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Discussion Starter #6
Go to Devon in England. Go to a pub out in the country and ask for local rough cider. It is heaven in a glass but be prepared for a major hangover the next day. It is very strong and doesn't taste it.
I wish I had been old enough to drink when I lived in England.
 

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Go to Devon in England. Go to a pub out in the country and ask for local rough cider. It is heaven in a glass but be prepared for a major hangover the next day. It is very strong and doesn't taste it.
+1

After having a pint of cider in a few pubs in London, I really can't stand the stuff they sell here. I know of one pub that has cider on tap in Coq, but it isn't the same either. Maybe it was partially the ambience of being in pubs older than Canada?
 

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+1

After having a pint of cider in a few pubs in London, I really can't stand the stuff they sell here. I know of one pub that has cider on tap in Coq, but it isn't the same either. Maybe it was partially the ambience of being in pubs older than Canada?
I spent a winter in Bristol many years ago. Some of the pubs served rough cider sometimes called scrumpy. It is deadly. I used to buy it in bulk from a guy who lived in a warehouse down by the river where he made cider and sold it. You could bring your own jugs or he would supply it in plastic gallon jugs. He actually was the official cider supplier for Charles and Diana's wedding. He said it was the apples. He bought his apples from Devon and Somerset which are both south of Bristol. One of my friends had relatives who owned a farm in Somerset. We would go down to their local out in the country side and drink scrumpy. I honestly don't know how I'm still alive. More than a few drunken rides home up the A38.

Scrumpy - Wikipedia
 

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I spent a winter in Bristol many years ago. Some of the pubs served rough cider sometimes called scrumpy. It is deadly. I used to buy it in bulk from a guy who lived in a warehouse down by the river where he made cider and sold it. You could bring your own jugs or he would supply it in plastic gallon jugs. He actually was the official cider supplier for Charles and Diana's wedding. He said it was the apples. He bought his apples from Devon and Somerset which are both south of Bristol. One of my friends had relatives who owned a farm in Somerset. We would go down to their local out in the country side and drink scrumpy. I honestly don't know how I'm still alive. More than a few drunken rides home up the A38.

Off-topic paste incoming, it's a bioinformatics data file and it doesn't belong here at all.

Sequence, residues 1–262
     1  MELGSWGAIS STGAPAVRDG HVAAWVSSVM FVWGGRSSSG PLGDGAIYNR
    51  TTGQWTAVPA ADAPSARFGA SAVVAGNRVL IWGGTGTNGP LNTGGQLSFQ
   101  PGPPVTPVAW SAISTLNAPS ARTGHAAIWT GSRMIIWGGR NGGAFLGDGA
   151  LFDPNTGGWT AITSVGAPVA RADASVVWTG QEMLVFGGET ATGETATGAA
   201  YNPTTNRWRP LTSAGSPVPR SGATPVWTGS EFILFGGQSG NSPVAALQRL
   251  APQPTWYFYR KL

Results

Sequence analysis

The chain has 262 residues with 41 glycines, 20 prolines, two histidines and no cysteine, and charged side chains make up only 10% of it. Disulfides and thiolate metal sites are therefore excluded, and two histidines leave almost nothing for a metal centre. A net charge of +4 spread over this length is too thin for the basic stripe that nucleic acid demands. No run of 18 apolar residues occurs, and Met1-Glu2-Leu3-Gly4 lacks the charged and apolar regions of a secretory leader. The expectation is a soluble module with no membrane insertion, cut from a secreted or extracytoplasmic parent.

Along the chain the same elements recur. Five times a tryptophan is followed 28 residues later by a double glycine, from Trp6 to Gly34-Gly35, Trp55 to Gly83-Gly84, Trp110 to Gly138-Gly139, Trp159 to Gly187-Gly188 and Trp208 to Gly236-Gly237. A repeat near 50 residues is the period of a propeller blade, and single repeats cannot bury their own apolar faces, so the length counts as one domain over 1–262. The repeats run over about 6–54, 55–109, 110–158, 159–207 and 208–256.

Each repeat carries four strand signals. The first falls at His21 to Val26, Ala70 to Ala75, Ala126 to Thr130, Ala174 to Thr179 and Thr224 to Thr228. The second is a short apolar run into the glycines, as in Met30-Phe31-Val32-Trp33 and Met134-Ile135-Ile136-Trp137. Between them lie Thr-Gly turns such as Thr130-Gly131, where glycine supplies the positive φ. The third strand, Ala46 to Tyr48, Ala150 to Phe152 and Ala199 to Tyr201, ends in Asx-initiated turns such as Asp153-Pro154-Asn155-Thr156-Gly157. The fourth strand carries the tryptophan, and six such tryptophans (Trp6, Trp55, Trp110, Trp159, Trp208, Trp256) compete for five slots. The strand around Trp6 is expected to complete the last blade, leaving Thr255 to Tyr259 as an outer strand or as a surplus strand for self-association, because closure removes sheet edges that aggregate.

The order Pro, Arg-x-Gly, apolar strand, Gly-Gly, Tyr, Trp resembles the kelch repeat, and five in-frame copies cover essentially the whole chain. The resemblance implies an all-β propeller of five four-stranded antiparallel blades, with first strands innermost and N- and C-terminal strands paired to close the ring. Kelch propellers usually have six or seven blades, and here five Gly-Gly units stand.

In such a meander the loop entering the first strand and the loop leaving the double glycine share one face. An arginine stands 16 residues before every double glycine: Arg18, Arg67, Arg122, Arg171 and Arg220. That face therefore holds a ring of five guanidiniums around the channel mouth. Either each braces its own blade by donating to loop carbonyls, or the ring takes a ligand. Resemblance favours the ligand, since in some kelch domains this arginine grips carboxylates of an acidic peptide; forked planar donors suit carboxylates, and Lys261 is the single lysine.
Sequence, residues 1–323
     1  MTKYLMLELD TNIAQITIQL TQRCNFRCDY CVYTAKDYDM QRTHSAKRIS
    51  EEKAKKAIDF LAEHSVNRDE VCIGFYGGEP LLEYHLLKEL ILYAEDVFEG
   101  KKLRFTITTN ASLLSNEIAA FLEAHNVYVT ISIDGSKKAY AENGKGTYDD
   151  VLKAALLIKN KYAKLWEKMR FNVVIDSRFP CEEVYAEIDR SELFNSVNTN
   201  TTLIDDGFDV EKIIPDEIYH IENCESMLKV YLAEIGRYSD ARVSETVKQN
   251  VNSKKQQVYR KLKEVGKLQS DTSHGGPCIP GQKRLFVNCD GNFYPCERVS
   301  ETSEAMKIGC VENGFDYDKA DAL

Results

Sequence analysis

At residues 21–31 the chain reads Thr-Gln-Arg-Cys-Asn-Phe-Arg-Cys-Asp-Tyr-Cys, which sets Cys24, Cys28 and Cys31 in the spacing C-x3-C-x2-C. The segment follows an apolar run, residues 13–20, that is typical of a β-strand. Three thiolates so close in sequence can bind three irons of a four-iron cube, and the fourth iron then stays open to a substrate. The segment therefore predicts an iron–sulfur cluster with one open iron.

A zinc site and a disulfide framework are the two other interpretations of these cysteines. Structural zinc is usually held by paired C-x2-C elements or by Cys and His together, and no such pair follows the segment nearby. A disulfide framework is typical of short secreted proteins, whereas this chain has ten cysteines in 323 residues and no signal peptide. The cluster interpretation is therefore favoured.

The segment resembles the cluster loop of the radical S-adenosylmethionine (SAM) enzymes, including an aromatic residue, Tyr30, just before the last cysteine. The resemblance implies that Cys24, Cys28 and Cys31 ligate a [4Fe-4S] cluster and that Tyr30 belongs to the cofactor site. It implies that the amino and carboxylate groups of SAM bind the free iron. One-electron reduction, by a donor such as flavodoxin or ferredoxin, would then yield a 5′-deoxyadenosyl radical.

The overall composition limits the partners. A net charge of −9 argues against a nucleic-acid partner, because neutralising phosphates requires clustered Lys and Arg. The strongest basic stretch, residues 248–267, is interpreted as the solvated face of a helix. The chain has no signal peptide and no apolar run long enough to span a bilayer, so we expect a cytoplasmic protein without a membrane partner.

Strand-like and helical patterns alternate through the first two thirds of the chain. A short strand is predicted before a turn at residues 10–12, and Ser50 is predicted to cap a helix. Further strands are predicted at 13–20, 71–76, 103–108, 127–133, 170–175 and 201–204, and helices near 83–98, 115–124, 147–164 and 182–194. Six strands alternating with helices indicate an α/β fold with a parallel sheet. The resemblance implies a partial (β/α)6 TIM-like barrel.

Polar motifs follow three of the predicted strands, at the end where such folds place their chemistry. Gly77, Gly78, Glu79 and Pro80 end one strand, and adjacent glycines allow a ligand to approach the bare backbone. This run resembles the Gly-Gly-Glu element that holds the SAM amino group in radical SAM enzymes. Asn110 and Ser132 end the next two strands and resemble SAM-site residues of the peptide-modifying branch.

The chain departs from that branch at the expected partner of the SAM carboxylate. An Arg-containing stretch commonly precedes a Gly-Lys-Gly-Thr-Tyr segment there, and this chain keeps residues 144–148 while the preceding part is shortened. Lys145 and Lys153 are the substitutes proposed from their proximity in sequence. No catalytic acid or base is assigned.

Scrumpy - Wikipedia
LOL Used to get something like that from Hutterite colonies. Although it was probably a lot closer to potato vodka than apple cider. We'd swap them a 6 pack of beer for probably 40 oz of their hooch. A six pack would give a couple of us a buzz, that 40 of rotgut could keep six of us hammed for a week.

But I digress ------- back to the already scheduled piss-cussion on cider.
 

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I had some Niagara Cider at my sister's a few weeks or a few months ago, it might have been Pellar Estates, and there might have been a bit of wine mixed in it. It wasn't bad. My policy when visiting them is to just drink to keep my sanity.

I tried a Strongbow yesterday but it tasted a bit synthetic and sugary to me. I'm open to all suggestions.
 

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Yes, I'm looking for a domestic cider, too. There are a couple styles I don't like:

* apply juice + alcohol -- I don't like the overly sweet kinds. These are often flavoured: strawberry basil! :confused:
* dishwater flavour. I've had cider in the UK (although I lived in Manchester, not Somerset) and I found it undrinkable.

I'm looking for something that is dry and still tastes of apples. Extra credit for fewer ingredients.MJF$#
 

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I like very dry, and hopefully low sugar ciders.

Local Press is good, as is Thornbury. Surprisingly, Strongbow is pretty good on the sugar numbers too.
My fave tasting cider, setting aside the sugar requirement, is Reinhart's Red. Amazing Red Delicious apple taste.
 

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Yes, I'm looking for a domestic cider, too. There are a couple styles I don't like:

* apply juice + alcohol -- I don't like the overly sweet kinds. These are often flavoured: strawberry basil! :confused:
* dishwater flavour. I've had cider in the UK (although I lived in Manchester, not Somerset) and I found it undrinkable.

I'm looking for something that is dry and still tastes of apples. Extra credit for fewer ingredients.MJF$#
Dude, see my post above. Broken Ladder. It's made right in your town.
 

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Dude, see my post above. Broken Ladder. It's made right in your town.
I'll try it! We do have a lot of apple orchards around here.

I found a Strongbow in my cupboard (someone brought it to a dinner) and I found it kinda "meh". A bit too sweet and not much flavour. The search continues!
 
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